Then, a case where, as shown in FIG. 1, an imaging surface on which the enlarged left and right virtual images coincide with each other will be examined below. In this case, the optical axes of the left and right lenses are spaced apart from each other by de at the imaging surface also. Conversely, to establish this state, it is sufficient to adjust the axes of the lenses to points distanced from the centers of the frames on the liquid crystal displays outward in the horizontal direction by
The left and right liquid crystal displays and the left and right magnifying lenses are disposed so as to satisfy this condition, thereby enabling the viewer to see as if a large screen is placed at the position D from the eyes. For instance, when the centers of the frames on the liquid crystal displays are viewed, the left and right eyes are focused to the centers of the enlarged virtual images formed at the distance D from the eyes and are converged with an convergence angle of θ. In this state, focusing and convergence of the two eyes are smoothly effected in a linked relationship, and image fusion is effected in the cerebrum without imposing any burden on the eyes.
Then, a case where two video signals obtained by imaging in the manners shown in FIGS. 3(a) and 3(b) are used to display on the left and right liquid crystal displays of the video display apparatus based on the system illustrated in FIG. 1.
Objects Pa and Pb are provided, as shown in FIGS. 3(a) and 3(b). It is assumed here that there is a plane located at a distance D from the eyes as shown in FIG. 3(a), and that an image 7 is projected on this plane with respect to a reference point corresponding to the left eye. Similarly, an image 8 is formed on the plane with respect to a reference point corresponding to the right eye. Two convex lenses are provided in place of the eyes, and the images 7 and 8 are converted into video signals as a result of imaging on image pickup devices 9 and 10.
These video signals are used to display left and right images in corresponding positions on the video display apparatus based on the system illustrated in FIG. 1. As a result, the objects Pa and Pb are displayed three-dimensionally as if they are actually located at the viewed positions.
This is based on the principle of binocular parallax. The images of the objects are seen three-dimensionally due to the difference between the convergence angles at which the objects Pa and Pb are viewed.
In a case where two left and right images projected on a plane located at a distance 2D from the eyes are viewed through the video display apparatus, the overall positional relationship is seen on a 1/2 scale. Thus, zooming of three-dimensional images can be effected.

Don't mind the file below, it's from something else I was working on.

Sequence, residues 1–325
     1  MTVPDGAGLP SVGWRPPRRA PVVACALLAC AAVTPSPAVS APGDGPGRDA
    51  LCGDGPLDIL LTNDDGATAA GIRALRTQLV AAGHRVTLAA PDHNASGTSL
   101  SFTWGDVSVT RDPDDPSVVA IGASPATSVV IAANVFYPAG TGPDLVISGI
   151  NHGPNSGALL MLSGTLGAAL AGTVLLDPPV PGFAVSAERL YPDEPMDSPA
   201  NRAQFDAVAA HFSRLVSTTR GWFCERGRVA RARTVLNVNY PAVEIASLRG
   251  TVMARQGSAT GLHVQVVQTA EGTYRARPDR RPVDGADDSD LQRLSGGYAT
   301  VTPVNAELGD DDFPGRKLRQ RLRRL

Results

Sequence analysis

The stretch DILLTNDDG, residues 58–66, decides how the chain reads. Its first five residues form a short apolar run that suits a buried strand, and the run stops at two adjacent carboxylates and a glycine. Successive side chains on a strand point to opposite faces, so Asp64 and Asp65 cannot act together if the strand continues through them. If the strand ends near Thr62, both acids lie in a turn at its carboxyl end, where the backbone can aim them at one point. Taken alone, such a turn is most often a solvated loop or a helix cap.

Thus, the video display apparatus in accordance with the present invention enables the viewer to see images on a large scale through the liquid crystal displays having small screens without experiencing fatigue of his eyes. Also, the apparatus enables stereoscopic vision.
FIGS. 4(a) to 4(c) are a front view, a side view and a plan view, respectively, of a first embodiment of a video display apparatus of the present invention.
A pair of liquid crystal displays 21 and a pair of magnifying lenses 22 are disposed in optical positions as indicated in FIG. 1 and are mounted on a main frame 23. A pair of white acrylic plates 24 are provided at the rear of the liquid crystal displays in order to enable the viewer to see the liquid crystal display with natural light. External light is introduced into the apparatus through these acrylic plates.
Driving circuit boards 25 for driving the liquid crystals are mounted on upper and lower side portions of the main frame 23, and signal processing circuit boards 26 are mounted on left and right side portions of the main frame 23.
Connection cables 27 are provided. In this embodiment, two video signal lines, a power supply line and a ground line are connected as the connection cables 27 to an external power adaptor (not shown) and to an external video apparatus (not shown). FIG. 5 shows a state in which the viewer has the video display apparatus on.
The above-described embodiment apparatus can serve to achieve the object of the present invention. However, there is still room for improvements, as described below.
1 Since the liquid crystal display uses external light, images on the display cannot be seen in the nighttime or in a dark place.